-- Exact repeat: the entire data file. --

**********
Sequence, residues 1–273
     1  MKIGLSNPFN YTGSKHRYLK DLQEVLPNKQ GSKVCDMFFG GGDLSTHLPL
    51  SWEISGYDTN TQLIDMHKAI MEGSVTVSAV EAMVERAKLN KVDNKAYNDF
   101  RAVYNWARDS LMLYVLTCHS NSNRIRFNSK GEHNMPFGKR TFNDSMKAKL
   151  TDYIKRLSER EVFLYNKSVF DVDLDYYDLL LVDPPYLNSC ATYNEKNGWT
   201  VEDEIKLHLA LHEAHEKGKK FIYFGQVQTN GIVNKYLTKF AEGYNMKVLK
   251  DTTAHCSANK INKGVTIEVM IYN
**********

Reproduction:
Sequence, residues 1–273
     1  MKIGLSNPFN YTGSKHRYLK DLQEVLPNKQ GSKVCDMFFG GGDLSTHLPL
    51  SWEISGYDTN TQLIDMHKAI MEGSVTVSAV EAMVERAKLN KVDNKAYNDF
   101  RAVYNWARDS LMLYVLTCHS NSNRIRFNSK GEHNMPFGKR TFNDSMKAKL
   151  TDYIKRLSER EVFLYNKSVF DVDLDYYDLL LVDPPYLNSC ATYNEKNGWT
   201  VEDEIKLHLA LHEAHEKGKK FIYFGQVQTN GIVNKYLTKF AEGYNMKVLK
   251  DTTAHCSANK INKGVTIEVM IYN